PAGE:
“For some of us, books are as important as almost anything else on earth. What a miracle it is that out of these small, flat, rigid squares of paper unfolds world after world after world, worlds that sing to you, comfort and quiet or excite you. Books help us understand who we are and how we are to behave. They show us what community and friendship mean; they show us how to live and die.” Anne Lamott, Bird by Bird: Some Instructions on Writing and Life
“Something very magical can happen when you read a good book.” J.K. Rowling
On my car radio yesterday I heard that the gift people treasure most on Valentine’s day is a handwritten note. I love it! Even today, when we text and email oceans of words, the ones that matter are handwritten ones — there’s something about reading a handwritten note
that touches and inspires us — just like reading itself. Just consider the benefits that our readers will reap when they cast their eyes over and dip their hearts into our stories:*
They’ll be emboldened to achieve their goals: Just reading about a character who fights through obstacles and goes on to achieve his or her goals can inspire us to keep going when we hit rough patches in our own lives, according to Ohio State researchers. Just
think of feisty Jane Eyre or embattled Odysseus and all the quest stories you’ve ever read and stages that characters go through — it’s the same in life!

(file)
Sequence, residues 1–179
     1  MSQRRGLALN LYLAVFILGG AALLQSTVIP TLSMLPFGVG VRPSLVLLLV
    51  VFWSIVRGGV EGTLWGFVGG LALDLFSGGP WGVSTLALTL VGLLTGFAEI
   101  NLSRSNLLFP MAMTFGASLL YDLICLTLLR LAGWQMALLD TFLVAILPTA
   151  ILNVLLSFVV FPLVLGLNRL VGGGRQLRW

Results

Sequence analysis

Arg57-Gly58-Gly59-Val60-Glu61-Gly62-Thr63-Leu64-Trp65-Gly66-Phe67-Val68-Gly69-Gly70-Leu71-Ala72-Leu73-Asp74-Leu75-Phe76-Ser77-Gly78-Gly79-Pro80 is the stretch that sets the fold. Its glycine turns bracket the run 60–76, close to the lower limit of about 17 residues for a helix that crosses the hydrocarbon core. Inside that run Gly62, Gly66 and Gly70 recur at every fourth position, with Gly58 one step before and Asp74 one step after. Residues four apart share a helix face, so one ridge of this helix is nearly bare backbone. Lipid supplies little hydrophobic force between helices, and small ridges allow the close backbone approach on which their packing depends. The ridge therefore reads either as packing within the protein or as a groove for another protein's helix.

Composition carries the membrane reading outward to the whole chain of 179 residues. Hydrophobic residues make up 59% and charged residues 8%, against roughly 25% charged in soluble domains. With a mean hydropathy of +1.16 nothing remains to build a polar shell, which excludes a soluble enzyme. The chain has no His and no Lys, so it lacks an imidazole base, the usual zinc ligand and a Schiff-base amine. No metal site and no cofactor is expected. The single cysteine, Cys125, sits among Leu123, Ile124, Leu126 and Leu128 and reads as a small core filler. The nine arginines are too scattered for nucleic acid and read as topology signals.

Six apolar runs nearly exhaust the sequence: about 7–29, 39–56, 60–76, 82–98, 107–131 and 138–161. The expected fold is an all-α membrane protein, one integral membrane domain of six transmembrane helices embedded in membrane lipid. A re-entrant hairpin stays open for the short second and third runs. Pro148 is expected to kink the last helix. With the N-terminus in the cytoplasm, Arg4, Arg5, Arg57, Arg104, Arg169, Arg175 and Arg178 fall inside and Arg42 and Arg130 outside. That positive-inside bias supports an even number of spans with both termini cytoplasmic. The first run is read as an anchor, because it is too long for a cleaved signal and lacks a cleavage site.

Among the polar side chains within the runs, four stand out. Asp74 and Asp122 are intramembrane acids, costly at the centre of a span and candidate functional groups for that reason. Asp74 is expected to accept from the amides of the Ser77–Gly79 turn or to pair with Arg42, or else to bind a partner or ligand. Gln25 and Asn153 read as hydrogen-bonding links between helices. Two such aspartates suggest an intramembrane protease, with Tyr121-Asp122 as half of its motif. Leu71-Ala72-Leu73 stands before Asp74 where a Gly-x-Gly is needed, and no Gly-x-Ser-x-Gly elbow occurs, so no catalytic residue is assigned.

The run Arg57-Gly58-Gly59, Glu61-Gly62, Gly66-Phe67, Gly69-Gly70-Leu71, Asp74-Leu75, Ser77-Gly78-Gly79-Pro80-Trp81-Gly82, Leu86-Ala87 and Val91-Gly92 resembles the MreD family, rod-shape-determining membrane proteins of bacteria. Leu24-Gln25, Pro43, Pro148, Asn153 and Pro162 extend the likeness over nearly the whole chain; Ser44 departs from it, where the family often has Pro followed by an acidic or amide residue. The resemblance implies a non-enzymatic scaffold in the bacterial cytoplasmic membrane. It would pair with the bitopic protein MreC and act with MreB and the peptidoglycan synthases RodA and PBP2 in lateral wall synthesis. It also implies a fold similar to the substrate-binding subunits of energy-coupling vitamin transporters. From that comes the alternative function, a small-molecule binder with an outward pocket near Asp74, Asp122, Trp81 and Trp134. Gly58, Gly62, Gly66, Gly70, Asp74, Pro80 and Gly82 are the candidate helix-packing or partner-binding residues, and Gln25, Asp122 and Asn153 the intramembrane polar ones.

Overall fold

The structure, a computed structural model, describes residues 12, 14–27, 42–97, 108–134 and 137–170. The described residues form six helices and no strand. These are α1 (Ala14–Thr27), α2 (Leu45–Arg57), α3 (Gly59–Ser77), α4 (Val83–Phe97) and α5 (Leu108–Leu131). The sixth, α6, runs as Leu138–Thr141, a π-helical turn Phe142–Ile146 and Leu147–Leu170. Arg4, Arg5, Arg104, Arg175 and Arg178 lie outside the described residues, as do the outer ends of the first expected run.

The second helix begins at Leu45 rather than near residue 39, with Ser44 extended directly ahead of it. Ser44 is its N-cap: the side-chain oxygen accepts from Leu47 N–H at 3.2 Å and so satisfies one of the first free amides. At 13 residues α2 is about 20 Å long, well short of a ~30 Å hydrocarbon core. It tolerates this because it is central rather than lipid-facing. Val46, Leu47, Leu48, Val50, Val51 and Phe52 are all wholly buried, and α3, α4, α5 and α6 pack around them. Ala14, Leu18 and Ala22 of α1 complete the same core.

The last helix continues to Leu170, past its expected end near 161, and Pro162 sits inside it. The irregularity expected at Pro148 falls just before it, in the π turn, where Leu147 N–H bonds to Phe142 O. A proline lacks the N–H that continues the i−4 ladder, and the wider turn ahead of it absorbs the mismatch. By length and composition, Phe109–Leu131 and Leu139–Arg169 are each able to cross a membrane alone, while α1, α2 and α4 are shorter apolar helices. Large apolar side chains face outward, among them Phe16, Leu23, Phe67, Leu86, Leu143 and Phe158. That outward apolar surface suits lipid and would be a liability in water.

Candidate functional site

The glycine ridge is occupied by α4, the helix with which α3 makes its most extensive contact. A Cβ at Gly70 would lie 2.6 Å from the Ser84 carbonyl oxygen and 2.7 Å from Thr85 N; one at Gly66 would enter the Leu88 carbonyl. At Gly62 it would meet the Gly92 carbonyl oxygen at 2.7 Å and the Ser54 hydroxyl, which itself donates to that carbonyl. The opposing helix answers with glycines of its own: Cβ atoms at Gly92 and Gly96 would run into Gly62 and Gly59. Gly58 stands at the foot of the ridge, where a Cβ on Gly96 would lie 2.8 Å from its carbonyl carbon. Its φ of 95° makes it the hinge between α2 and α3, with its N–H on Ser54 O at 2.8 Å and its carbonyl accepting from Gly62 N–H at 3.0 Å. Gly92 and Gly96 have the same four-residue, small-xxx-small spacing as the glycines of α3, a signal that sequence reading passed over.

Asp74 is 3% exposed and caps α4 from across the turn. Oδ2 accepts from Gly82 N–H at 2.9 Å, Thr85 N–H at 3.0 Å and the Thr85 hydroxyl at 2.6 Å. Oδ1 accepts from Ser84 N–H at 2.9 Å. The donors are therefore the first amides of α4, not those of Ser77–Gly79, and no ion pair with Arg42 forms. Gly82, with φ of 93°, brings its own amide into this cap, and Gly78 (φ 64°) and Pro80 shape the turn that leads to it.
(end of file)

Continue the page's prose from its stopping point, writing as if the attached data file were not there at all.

They’ll stay mentally alert and nimble: Reading keeps our brains supple and vibrant. Losing yourself in a good book and fully inhabiting the imaginary world it creates has been proven to actually keep your brain younger! That’s right — younger! One study found that people at risk for Alzheimer’s who read on a regular basis are far two and a half times less likely to develop the disease.
They’ll form better, stronger relationships: Studies show that people who love reading fiction aren’t just enhancing their capacity for enjoyment, they’re also gaining greater empathy for others. People who get into the heads of characters in novels become more adept at understanding what others are thinking in their real, everyday interactions and better at reading and reacting to other people’s emotional cues. Isn’t that amazing? Reading enriches friendships in so many ways — no wonder book clubs are so popular!
They’ll increase their intelligence: Readers of all ages who enjoy delving into the worlds that words create are constantly exercising their imaging capacities and igniting their curiosity about people, places, and things. They are also building their vocabularies and honing wordsmithing skills. Kids who read learn 50% more words than TV watchers!
OK, we’re on a mission: Our readers need us to keep their brains sharp and their hearts full. So let’s all write on!
- This summary of benefits (embroidered upon by me) comes to us via Woman’s World.